Having said that he always gave credit where it was due. In his first volume on the Gospel of St John, in the Preface, he wrote:
High praise indeed from an Anglican Low Church Bishop. But it is when his Lordship gave his reason for publishing his Expository Notes that he especially warms our hearts. In his own words, repeated in each preface:
We salute this great man of God who sacrificed so much of his private time to serve those who needed help in understanding Sacred Scripture.
Would that more Church leaders could see their way to emulate his example.
A tribute from a traditional orthodox Latin (Tridentine) Catholic of the 21st century.
Publication of the Four Gospel Commentaries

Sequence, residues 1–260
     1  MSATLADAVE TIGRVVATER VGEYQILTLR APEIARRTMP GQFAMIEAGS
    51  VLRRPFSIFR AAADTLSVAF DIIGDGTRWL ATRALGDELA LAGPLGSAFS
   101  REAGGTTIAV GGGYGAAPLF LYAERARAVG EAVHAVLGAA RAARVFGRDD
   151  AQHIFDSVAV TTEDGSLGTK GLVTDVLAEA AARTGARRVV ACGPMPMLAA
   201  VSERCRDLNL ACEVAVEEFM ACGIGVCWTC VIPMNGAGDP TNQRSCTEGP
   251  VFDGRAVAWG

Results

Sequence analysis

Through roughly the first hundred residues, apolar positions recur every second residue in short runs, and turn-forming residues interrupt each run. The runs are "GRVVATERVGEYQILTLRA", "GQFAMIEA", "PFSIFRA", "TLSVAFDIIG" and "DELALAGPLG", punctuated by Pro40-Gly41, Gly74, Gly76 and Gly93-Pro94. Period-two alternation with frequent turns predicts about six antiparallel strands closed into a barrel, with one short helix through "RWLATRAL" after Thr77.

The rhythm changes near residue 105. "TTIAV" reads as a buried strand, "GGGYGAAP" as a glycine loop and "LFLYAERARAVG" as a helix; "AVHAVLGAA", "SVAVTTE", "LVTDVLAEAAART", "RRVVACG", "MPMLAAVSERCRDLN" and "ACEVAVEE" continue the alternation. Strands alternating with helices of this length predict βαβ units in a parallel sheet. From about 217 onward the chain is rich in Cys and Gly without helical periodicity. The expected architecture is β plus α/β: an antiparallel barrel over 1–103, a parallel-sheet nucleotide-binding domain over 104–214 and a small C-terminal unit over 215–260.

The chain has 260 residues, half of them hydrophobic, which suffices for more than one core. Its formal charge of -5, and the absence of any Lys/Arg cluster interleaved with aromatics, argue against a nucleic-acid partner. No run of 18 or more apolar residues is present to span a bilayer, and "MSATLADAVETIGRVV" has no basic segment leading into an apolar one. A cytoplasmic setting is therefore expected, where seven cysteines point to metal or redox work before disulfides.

All volumes of Bishop Ryle's Expository Notes were published by the very reputable and much esteemed publishers Hodder and Stoughton at 27 Paternoster Row, London in the years listed below:
St. Matthew 1911
St. Mark 1910
St. Luke Vol 1 Not dated
St. Luke Vol 2 1905
St. John Vol 1 1908
St. John Vol 2 1909
St. John Vol 3 1908
Selected Passages From the Author's Prefaces
1. St. Matthew
The plan I have adopted in drawing up the "Expository Thoughts" is as follows. I have divided the sacred text into sections or passages, averaging about twelve verses in each. I have then supplied a continuous series of short, plain "Expositions" of each of these passages. In each Exposition I have generally begun by stating as briefly as possible the main scope and purpose of the passage under consideration. I have then selected two, three, or four prominent points in the passage, singled them out from the rest, dwelt exclusively on them, and endeavoured to enforce them plainly and vigorously on the reader's attention. The points selected will be found to be sometimes doctrinal, and sometimes practical. The only rule in selection has been to seize on the really leading points of the passage.